As federal IT improves diversity, some still see dearth of women in cyber positions

The federal government has made some progress in the last couple of years when it comes to improving diversity in the technology field. But not everyone is seeing an even distribution, as some areas of federal tech jobs remain a boys’ club.

“In cybersecurity, we are not represented at all,” said Wanda Jones-Heath, deputy chief information security officer and chief of the cybersecurity division for the Office of Information Dominance and Chief Information Officer at...

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The federal government has made some progress in the last couple of years when it comes to improving diversity in the technology field. But not everyone is seeing an even distribution, as some areas of federal tech jobs remain a boys’ club.

“In cybersecurity, we are not represented at all,” said Wanda Jones-Heath, deputy chief information security officer and chief of the cybersecurity division for the Office of Information Dominance and Chief Information Officer at the Air Force. “I recently went to a roundtable with about 20 security folks there. I was the only female, and the only African-American as well. So when I walked in the room, I was shocked and I was not expecting it. But one thing I would say is once you get over the shock, you have to be on top of your game.”

And that’s a problem, she said, because diversity brings different perspectives, which could lead to better solutions.

Wanda Jones Heath (U.S. Air Force photo/Andy Morataya)

“I think because we don’t have a lot of diversity, we may miss out on a lot of opportunities to get different opinions,” Jones-Heath said at a May 2 AFCEA Women Technology Leaders in IT panel. “When you’re in a male-dominated career field, you hear — I tend to hear one side. I am more analytical, but I also can talk to business. … We look at it from a whole perspective where we think about it, then we talk about it. I think if we had more diversity, more different backgrounds, not necessarily technologists, you’ll get the end-to-end response that we need in order to move the government forward as a whole.”

And Jones-Heath isn’t the only one who has come to this conclusion.

“A recent Harvard study found that one of the best ways to boost their ability to transform themselves and their products is by involving women and having a culturally diverse team,” Federal CIO Suzette Kent said last month. “Another study looked at Fortune 500 companies and showed teams with equal numbers of men and women were more likely to be creative, share knowledge and fulfill the team’s objectives.”

Kent also said, in the federal government, women make up 40 percent of the IT and cyber workforce.

But according to the Office of Personnel Management’s Federal Human Resources Data tool, Fedscope, 23,475 women work in IT out of a total of 84,886 federal workers in IT, as of December 2017. That’s less than 28 percent.

However, part of the problem is that the definition of what constitutes a cybersecurity position is changing. OPM released new instructions in January 2017 for agencies to assign codes to their cybersecurity positions. The new guidance recognizes nine categories and 31 specialty areas of cyber functions. Agencies were supposed to have finished coding these positions by 2018. But some departments, like DHS, have found that difficult.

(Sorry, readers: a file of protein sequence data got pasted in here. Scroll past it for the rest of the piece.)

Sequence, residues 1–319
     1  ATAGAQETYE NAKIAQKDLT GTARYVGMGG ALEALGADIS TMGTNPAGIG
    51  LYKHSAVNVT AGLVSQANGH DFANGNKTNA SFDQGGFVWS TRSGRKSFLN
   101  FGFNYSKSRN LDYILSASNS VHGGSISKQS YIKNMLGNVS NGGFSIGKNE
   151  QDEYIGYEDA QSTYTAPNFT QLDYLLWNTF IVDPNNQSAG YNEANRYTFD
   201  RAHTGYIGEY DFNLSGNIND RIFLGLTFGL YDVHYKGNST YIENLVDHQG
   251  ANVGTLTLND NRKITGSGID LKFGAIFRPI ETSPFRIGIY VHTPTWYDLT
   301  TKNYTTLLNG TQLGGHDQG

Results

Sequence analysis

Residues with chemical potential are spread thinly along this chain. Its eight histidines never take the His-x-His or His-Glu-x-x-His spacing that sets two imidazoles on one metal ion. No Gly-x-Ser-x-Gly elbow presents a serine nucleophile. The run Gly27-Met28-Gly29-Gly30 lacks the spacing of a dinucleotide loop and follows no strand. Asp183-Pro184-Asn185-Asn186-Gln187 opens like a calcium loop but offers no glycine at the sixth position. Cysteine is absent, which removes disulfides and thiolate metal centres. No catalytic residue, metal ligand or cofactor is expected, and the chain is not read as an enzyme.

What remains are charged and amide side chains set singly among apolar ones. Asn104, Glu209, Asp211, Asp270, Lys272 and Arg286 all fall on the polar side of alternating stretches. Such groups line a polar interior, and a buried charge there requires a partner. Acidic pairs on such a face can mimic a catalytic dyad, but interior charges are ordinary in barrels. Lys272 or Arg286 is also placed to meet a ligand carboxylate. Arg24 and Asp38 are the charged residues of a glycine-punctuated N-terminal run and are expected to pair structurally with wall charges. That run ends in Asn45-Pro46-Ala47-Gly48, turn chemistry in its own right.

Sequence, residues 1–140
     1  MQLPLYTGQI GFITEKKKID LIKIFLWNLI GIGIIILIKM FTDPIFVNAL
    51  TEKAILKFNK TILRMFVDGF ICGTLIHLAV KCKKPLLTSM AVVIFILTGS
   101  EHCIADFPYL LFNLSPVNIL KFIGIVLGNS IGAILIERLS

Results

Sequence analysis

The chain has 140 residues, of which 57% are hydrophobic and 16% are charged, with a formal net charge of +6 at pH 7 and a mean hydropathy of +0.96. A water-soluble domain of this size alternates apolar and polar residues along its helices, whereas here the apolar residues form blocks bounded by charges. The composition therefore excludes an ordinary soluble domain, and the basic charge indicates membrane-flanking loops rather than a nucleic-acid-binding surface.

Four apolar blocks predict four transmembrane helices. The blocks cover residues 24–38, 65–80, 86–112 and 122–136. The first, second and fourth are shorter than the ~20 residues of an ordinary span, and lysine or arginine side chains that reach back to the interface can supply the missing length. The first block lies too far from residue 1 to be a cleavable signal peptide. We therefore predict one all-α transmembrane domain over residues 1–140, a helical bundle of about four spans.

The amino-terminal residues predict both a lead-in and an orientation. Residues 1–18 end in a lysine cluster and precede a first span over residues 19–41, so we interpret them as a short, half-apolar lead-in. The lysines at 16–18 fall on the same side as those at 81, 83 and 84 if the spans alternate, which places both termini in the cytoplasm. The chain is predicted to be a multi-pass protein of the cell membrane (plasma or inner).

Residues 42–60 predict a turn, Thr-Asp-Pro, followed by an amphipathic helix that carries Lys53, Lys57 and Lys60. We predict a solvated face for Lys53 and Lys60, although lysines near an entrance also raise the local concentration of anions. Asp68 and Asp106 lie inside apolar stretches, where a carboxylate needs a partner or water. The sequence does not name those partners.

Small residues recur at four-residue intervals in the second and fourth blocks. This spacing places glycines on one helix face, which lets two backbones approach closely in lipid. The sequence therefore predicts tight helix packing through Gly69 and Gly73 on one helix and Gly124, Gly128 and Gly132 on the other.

The numbers are shifting, DHS Chief Human Capital Officer Angela Bailey said, as the department constantly changes what it means for a position to be a cyber job. And as the administration makes cybersecurity more of a priority, DHS and other agencies will continue to alter the definition.

So pinpointing a precise number of federal employees who work in cyber at all is difficult. Determining how many of them are women is next to impossible.

But Jones-Heath isn’t the only one who’s described these inequities either.

Adriane Burton, the chief information officer at the Department of Health and Human Services’ Health Resources and Services Administration, said in January that she’s seen more women taking jobs in technology, but said she hasn’t seen that diversity spread evenly across her agency.

“Especially in the IT field, I see a lot of women programmers. I don’t see a lot of women network engineers and network security,” Burton said. “I know that’s been a challenge for our organization in term of hiring for women in those particular positions. But diversity definitely is important. As a manager, you want to make sure you are looking and evaluating diversity within your organization on a regular basis.”

Part of the problem, Jones-Heath said, lies with the career field itself. Women aren’t often encouraged to go into the more technical fields.

“When I was in college, I majored in computer science,” she said. “When I got into the hard classes, the engineering classes, the math classes, the comp-sci classes, there were not many women. When I graduated, in my class, there were two females, one African-American male, and the rest were either foreign students or predominately white. So I think, from the beginning, we just aren’t going to those career fields.”

That’s why, she said, she spends some of her time volunteering in her community, encouraging young girls, including her daughters, to go into technology. And she frequently goes to recruiting events.

“I go out to the colleges,” Jones-Heath said. “I was recruited for an intern position, starting out in the government, so I always go back and try to talk to females.”

And she said that what she sees in these girls and young women gives her hope that soon, the dynamic will change.

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